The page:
Reminding students that Career Fairs are about the Employer, not the Student

October 4, 2011 at 8:10 am | Posted in Finding internships | 1 Comment
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Coach Susan Sandberg

Susan Sandberg

It’s Career Fair time again. More than 130 employers will attend the University of Iowa’s Fall Job and Internship Fair, hosting local, national and international organizations such as IBM, Eli Lilly & Co., Go Daddy, Pearson, Coyote Logistics, John Deere, Von Maur, PepsiCo, and more. The University of Wisconsin Career Conference highlights the career focus of UW-Stout’s academic programs and is hosted by Career Services. About 2,000-3,000 students attend, looking for internships, Cooperative Education opportunities, and jobs.

It’s also time to remind your students how to make a good impression at a first face-to-face meeting:

  • Shifting dynamics:  In the past two years, the role of the intern has shifted dramatically. The employer mindset has gone from viewing the internship as a form of corporate community service to a method for accessing free or low-paid labor as well as future employees. In a tough economy employers are trying to make their dollars go further and their people produce more. Instead of approaching internships as an opportunity to learn about a profession or industry, students will need to focus on pursuing an internship that helps them contribute their skills in a way that generates value and substance for employers. The student who is committed to helping them get more for their money and do more with less is the one who gets the offer.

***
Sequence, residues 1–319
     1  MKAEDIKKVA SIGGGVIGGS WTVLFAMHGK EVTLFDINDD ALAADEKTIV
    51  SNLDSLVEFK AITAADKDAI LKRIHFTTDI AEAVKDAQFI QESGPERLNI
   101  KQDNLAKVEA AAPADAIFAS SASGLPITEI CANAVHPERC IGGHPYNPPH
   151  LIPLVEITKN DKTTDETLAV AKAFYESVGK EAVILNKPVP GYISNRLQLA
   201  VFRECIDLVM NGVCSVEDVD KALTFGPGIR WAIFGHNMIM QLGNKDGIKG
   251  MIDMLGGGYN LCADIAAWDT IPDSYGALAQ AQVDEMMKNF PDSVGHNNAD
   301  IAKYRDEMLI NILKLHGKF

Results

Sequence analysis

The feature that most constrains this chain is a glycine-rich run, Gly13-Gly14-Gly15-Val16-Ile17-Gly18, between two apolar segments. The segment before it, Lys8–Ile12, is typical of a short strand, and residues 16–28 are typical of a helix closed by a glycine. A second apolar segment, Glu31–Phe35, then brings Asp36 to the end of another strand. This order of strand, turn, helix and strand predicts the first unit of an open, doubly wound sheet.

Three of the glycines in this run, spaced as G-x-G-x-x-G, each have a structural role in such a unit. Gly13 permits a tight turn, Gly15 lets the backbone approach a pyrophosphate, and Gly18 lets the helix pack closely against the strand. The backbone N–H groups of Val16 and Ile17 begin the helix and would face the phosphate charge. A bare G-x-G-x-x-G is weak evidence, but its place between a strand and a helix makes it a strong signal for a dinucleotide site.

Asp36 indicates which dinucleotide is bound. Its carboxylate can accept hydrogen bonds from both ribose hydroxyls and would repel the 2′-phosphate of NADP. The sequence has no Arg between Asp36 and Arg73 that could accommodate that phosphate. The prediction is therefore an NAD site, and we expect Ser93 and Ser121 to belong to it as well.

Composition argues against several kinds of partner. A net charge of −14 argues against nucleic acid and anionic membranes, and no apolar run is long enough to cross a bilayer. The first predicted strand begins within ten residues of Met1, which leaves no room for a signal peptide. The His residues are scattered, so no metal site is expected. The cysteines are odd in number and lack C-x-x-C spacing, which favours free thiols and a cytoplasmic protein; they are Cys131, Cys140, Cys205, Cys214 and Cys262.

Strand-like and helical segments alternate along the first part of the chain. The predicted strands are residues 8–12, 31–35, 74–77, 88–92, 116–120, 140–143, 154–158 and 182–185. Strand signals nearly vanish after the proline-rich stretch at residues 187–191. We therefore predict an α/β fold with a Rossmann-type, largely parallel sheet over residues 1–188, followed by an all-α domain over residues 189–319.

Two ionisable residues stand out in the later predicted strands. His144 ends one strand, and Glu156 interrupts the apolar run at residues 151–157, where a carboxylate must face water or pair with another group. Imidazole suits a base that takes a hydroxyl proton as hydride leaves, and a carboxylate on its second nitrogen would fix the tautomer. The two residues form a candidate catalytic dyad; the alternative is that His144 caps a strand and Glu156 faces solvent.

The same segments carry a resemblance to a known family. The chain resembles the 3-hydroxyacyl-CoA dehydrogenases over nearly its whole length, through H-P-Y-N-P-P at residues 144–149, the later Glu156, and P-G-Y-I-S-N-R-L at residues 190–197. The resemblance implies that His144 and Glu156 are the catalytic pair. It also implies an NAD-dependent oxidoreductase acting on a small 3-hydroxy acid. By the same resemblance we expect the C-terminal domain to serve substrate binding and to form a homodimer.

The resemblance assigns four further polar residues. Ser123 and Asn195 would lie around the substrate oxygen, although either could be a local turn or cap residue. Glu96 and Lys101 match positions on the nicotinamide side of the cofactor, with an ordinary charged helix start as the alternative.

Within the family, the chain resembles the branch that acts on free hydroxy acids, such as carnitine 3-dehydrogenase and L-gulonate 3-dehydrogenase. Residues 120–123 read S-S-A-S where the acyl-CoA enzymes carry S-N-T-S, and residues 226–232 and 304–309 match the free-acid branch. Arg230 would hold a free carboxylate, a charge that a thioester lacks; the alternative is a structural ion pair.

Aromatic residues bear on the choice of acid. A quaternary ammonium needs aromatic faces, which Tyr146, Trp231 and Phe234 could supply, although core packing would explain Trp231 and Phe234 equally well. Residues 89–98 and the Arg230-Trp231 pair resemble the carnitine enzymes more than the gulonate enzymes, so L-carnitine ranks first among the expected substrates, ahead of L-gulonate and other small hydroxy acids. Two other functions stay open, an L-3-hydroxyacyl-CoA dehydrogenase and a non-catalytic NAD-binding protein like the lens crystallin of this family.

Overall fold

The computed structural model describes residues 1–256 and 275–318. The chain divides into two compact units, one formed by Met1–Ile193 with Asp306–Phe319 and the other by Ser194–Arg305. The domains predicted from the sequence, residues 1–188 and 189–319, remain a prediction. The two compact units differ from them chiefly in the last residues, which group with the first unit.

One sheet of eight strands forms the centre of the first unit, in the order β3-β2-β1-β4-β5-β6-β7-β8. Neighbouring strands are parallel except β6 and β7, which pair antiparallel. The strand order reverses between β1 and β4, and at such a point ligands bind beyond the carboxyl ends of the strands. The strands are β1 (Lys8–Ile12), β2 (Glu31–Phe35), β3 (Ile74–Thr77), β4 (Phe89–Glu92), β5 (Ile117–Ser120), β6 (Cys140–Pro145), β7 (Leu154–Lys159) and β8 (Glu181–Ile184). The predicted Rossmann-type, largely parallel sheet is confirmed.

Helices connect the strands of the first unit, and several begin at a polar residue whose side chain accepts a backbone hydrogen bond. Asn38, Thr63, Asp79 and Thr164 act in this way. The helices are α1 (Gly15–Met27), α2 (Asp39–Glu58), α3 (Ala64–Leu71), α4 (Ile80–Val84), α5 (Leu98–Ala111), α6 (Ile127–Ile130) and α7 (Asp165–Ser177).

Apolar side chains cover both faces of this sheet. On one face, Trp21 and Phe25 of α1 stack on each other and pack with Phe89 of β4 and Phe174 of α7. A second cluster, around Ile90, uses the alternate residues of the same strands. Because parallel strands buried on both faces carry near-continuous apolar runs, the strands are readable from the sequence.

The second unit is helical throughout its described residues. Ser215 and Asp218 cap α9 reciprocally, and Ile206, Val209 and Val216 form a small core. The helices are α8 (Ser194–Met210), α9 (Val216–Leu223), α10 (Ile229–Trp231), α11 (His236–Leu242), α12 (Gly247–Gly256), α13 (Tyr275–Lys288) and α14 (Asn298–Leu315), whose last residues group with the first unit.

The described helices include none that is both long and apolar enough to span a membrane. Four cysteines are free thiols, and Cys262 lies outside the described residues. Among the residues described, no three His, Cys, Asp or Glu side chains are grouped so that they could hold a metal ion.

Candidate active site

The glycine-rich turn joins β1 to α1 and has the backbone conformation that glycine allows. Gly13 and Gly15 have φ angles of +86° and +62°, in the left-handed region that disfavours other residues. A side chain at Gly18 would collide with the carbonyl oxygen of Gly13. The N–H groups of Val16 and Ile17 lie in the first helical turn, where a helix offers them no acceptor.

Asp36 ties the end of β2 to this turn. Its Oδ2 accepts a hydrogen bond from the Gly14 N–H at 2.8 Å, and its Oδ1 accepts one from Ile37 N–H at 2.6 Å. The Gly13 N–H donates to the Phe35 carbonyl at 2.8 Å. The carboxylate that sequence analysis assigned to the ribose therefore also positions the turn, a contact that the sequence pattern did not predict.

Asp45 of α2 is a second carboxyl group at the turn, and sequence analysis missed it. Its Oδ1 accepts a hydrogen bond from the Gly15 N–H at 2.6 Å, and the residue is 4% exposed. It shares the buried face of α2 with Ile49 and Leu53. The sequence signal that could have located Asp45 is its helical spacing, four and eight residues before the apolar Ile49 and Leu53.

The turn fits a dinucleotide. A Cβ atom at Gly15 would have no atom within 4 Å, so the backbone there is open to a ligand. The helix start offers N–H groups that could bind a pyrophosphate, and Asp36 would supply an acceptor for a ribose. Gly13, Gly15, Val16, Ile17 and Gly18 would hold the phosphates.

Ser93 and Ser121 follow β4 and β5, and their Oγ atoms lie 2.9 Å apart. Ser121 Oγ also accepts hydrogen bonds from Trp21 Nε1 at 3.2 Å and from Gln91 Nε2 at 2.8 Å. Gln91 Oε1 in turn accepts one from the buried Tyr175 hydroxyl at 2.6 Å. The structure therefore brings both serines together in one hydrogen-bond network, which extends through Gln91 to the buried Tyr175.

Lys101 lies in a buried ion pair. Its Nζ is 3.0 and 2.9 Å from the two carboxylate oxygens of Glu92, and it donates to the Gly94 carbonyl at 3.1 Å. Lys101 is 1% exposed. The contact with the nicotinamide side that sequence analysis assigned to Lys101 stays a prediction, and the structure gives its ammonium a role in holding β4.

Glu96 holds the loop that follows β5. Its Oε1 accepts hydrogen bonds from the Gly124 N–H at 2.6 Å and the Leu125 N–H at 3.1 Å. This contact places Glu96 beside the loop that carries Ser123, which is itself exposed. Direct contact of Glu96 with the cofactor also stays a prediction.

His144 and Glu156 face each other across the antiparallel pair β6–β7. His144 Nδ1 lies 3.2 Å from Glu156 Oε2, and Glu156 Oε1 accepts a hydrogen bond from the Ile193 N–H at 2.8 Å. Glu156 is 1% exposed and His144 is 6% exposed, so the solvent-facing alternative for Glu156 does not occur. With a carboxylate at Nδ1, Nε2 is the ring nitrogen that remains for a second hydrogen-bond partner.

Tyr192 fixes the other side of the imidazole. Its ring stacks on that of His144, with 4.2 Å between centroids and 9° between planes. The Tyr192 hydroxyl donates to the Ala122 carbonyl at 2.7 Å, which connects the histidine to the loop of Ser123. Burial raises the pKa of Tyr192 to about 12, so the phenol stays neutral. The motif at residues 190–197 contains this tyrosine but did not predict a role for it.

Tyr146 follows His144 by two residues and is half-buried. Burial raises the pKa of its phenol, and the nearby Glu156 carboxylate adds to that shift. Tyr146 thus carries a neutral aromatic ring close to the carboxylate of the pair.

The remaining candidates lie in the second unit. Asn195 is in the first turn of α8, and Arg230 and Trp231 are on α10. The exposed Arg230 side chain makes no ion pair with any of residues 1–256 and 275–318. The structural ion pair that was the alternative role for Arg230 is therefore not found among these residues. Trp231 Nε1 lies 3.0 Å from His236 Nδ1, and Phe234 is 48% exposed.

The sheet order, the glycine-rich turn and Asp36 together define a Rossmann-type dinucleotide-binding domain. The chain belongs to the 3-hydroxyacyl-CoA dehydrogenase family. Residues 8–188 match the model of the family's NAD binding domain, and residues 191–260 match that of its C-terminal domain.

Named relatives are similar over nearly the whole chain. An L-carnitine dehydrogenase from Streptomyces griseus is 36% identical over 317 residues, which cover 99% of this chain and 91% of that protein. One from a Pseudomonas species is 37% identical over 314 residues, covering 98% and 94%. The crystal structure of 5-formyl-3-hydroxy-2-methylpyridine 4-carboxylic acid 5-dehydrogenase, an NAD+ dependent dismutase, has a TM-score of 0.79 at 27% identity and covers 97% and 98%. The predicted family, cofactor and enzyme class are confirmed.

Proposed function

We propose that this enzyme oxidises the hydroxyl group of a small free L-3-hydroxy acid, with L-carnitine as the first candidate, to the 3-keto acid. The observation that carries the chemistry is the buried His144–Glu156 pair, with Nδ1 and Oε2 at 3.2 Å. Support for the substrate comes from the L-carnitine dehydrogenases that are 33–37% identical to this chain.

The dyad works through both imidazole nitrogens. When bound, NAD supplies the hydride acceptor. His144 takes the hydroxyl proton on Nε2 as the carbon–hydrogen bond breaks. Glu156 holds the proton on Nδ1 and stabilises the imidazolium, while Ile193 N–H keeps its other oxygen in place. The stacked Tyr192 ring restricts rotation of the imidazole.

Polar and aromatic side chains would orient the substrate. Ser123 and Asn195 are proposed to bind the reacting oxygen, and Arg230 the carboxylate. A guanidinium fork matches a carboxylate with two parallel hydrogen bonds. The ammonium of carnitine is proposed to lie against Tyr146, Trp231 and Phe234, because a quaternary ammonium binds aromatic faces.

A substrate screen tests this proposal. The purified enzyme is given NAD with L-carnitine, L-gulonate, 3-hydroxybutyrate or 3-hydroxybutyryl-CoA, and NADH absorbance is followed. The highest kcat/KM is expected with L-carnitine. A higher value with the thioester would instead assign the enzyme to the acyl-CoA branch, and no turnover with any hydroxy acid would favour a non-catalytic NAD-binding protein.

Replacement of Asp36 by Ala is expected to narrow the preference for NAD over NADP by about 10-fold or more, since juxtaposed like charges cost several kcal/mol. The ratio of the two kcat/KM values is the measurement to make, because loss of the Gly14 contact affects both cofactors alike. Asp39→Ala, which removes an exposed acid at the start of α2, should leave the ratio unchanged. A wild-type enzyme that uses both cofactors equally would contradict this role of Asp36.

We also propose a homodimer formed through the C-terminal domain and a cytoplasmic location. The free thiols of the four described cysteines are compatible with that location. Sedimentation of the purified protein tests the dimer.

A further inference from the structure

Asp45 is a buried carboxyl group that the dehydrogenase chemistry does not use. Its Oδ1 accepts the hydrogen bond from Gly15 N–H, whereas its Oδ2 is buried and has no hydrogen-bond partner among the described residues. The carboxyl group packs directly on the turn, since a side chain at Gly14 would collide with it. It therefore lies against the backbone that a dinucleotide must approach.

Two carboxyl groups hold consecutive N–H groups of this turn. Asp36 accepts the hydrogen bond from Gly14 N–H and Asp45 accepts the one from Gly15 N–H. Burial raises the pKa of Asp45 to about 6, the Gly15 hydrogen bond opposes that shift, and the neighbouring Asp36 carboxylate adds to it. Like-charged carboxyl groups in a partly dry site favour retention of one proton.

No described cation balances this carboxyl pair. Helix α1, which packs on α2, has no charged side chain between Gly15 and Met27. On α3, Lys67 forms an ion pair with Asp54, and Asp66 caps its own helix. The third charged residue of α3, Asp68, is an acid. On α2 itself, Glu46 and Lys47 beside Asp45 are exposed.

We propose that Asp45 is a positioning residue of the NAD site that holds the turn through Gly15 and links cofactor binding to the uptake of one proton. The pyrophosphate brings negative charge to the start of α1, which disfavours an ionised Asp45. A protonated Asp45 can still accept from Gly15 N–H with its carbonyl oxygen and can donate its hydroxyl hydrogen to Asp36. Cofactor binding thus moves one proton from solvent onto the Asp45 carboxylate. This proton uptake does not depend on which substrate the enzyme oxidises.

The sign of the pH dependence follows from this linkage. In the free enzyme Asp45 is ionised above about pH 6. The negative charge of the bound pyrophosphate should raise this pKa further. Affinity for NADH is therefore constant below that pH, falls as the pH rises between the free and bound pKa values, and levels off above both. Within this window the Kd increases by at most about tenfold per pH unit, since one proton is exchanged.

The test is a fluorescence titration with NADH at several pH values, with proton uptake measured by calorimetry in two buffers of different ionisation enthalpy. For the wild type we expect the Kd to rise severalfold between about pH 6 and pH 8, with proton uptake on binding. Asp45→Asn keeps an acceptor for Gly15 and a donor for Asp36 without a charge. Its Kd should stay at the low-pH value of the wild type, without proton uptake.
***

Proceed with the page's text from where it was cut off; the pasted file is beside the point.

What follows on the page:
• Coaching:  What should students say when they’re asked by a prospective internship supervisor, “Why do you want this internship?” Caution your students not to talk about how this is a great opportunity for them to learn about the industry and profession. What’s important to the employer is their ability to take initiative and produce quality work as a member of the team. The above question is the perfect opening for the student to talk about the skills that would bring value to the company. For example, if the company wants a marketing intern, the student could discuss his/her experience on a class marketing project or previous summer job.
  • Preparation:  Remind your students to take resumes and samples of work with them to the Career Fair. They might even take resumes that are customized for specific companies or for specific fields. Thanks to Google, it’s easy to access company Web sites. Students should be knowledgeable on a company’s mission as well as career tracks. In many cases, students might want to be proactive if they find the company that interests them and ask if they could come for an interview. If there aren’t any openings, a student could ask for an informational interview, which is another way to demonstrate a sincere interest.

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